The Silver Horn: Unoriginal with shallow characters

fantasy book reviews science fiction book reviewsCherith Baldry Eaglesmount 1. The Silver HornThe Silver Horn by Cherith Baldry

Vair, a young pine marten, talks his mom and dad into taking the family to the fair in Watersmeet, but on the way, a group of bandits led by Ragnar, a silver fox, attack them and press Vair into their service. Vair soon discovers that these bandits are working for the evil Lord Owl who plans to take over the whole country. The Lord Owl wants Ragnar’s bandits to find the legendary and powerful Silver Horn in Watersmeet. Can Vair find his family and stop the evil Owl’s plans?

Cherith Baldry’s The Silver Horn is the first book in her Eaglesmount trilogy, an anthropomorphic fantasy for children. I’m not a huge fan of anthropomorphic tales because I can’t suspend disbelief well enough to feel comfortable with animals with paws holding swords and beer mugs or animals without the proper vocal apparatus speaking, singing songs, and playing flutes. And, really, why would they want to wear clothes and shoes? And why don’t the foxes eat the chickens?

But anyway, I knew what I was getting into here, and I had it in mind for my daughter (who has no issues with talking animals) to read, so I won’t complain about those things. Instead, I’ll report that I found The Silver Horn to be a quick and not unpleasant read, but not particularly inspiring or enjoyable either, mainly for two reasons.

First, the story is unoriginal — there is nothing here that you haven’t read before and the plot is predictable from beginning to end. Even the character names are predictable, with the good guys sounding like nice perky Scandinavian animals (Vair, Riska, Mirra, Flick, Kyria) and the bad guys sounding like they eat sauerkraut and borscht and don’t know how to smile (Gorm, Ragnar, Ketch, Konrad, Snarg).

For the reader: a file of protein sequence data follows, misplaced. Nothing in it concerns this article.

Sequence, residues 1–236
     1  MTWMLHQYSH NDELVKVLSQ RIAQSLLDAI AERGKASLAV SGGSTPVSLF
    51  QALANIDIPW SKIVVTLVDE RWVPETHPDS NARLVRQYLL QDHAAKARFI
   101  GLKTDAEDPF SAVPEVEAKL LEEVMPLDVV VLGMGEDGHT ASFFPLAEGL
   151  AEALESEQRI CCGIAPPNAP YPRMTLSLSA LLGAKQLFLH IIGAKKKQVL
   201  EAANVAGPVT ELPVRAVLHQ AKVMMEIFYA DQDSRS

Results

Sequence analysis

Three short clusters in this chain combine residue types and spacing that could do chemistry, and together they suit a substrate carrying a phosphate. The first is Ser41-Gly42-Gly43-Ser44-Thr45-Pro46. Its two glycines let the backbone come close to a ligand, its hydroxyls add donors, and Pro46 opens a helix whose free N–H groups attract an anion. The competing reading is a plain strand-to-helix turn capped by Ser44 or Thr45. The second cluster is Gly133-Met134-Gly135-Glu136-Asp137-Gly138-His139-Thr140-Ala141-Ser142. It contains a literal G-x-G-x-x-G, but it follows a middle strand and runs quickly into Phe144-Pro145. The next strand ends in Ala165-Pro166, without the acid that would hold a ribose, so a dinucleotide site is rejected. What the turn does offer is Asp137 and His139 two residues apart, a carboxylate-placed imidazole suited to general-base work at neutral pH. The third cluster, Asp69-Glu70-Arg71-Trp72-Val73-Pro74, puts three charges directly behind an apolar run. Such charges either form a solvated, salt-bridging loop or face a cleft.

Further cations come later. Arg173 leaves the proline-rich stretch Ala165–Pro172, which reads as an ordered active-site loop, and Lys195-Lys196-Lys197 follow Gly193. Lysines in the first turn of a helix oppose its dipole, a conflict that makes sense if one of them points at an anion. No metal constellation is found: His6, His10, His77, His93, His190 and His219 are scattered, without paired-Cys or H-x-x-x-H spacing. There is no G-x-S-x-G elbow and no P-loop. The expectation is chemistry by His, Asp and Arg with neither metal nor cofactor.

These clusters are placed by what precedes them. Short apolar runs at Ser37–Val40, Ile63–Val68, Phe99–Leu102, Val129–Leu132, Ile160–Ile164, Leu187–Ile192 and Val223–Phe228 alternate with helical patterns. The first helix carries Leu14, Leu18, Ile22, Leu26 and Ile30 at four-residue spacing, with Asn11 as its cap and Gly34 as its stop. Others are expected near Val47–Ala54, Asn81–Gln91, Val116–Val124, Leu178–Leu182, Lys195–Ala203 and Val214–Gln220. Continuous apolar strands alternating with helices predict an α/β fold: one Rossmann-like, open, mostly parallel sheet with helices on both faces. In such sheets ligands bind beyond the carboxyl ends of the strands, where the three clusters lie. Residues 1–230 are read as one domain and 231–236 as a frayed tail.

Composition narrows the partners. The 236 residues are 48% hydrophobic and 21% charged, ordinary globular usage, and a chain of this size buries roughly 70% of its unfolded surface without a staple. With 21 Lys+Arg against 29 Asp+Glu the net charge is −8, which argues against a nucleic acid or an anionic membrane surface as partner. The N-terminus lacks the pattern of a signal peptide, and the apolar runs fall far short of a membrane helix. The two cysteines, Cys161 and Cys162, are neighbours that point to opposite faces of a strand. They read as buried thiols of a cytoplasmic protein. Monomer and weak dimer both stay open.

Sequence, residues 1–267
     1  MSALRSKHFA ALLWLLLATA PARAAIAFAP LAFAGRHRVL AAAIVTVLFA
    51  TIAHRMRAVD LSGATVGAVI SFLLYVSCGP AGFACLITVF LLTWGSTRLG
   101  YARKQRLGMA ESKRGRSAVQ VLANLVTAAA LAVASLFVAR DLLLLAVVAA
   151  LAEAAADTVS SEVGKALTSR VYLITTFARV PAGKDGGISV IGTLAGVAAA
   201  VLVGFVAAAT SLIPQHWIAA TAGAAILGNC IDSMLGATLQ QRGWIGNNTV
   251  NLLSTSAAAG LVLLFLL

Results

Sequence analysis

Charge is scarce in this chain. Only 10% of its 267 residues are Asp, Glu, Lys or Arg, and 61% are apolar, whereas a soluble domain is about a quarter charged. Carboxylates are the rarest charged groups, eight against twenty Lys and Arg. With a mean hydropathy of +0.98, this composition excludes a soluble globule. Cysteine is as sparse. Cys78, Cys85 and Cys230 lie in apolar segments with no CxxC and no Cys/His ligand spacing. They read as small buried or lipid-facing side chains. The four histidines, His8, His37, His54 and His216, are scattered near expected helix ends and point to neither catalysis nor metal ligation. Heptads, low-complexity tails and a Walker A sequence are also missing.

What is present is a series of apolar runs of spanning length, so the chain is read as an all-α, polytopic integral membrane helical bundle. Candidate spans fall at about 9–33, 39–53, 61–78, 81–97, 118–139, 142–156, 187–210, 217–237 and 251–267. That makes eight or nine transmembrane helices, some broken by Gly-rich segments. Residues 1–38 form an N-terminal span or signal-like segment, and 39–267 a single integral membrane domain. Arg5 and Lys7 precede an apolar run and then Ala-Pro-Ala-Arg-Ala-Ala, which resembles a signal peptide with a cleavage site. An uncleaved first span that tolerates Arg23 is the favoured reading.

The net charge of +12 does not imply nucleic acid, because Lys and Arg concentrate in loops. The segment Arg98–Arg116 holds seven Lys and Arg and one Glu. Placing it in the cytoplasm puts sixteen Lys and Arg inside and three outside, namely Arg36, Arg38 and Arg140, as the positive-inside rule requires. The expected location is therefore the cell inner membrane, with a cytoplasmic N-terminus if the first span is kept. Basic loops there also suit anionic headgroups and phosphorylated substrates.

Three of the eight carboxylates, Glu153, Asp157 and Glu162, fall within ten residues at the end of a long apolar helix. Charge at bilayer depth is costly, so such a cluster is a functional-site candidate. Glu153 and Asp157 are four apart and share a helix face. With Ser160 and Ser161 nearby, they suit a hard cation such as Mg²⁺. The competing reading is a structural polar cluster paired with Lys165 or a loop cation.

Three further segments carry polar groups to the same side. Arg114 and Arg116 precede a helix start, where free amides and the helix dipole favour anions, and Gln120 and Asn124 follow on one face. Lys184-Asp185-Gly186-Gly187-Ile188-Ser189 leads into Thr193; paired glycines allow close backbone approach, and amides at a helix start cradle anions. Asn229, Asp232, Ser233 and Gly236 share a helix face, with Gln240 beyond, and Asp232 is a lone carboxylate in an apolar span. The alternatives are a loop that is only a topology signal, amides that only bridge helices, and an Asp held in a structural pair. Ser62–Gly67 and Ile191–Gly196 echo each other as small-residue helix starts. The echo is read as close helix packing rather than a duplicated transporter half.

But, most disappointing is that the characters, especially the bad guys, are incredibly shallow. Every one of Ragnar’s bandits acts like a middle-school bully, shoving the nice animals when they pass by and snatching their belongings, constantly calling everyone “scum,” picking fights, threatening, taunting, cackling, and saying “Make me!” and “What are you going to do about it?” when someone asks them to stop. It was this one-dimensional behavior that ruined the plot for me, making it simplistic and predictable.

Overall, The Silver Horn may be okay for a young boy who wants to read stories about brave animals and doesn’t care much about characterization, but parents looking for excellent fantasy for their children can do a lot better. Try Brian JacquesRedwall series if you’re looking for anthropomorphic stories, or anything we’ve got listed in the top half of our children’s page.

Eaglesmount — (2001-2004) Ages 9-12. Publisher: Vair, a brave young pine marten, had hoped to show off his skill with a sword at the Watersmeet summer fair, but after his father is killed by a gang of thieves, Vair learns that his destiny will take him to Watersmeet for a more important reason.

Cherith Baldry Eaglesmount 1. The Silver Horn 2. The Emerald Throne 3. The Lake of DarknessCherith Baldry Eaglesmount 1. The Silver Horn 2. The Emerald Throne 3. The Lake of DarknessCherith Baldry Eaglesmount 1. The Silver Horn 2. The Emerald Throne 3. The Lake of Darkness


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KAT HOOPER, who started this site in June 2007, earned a Ph.D. in neuroscience and psychology at Indiana University (Bloomington) and now teaches and conducts brain research at the University of North Florida. When she reads fiction, she wants to encounter new ideas and lots of imagination. She wants to view the world in a different way. She wants to have her mind blown. She loves beautiful language and has no patience for dull prose, vapid romance, or cheesy dialogue. She prefers complex characterization, intriguing plots, and plenty of action. Favorite authors are Jack Vance, Robin Hobb, Kage Baker, William Gibson, Gene Wolfe, Richard Matheson, and C.S. Lewis.

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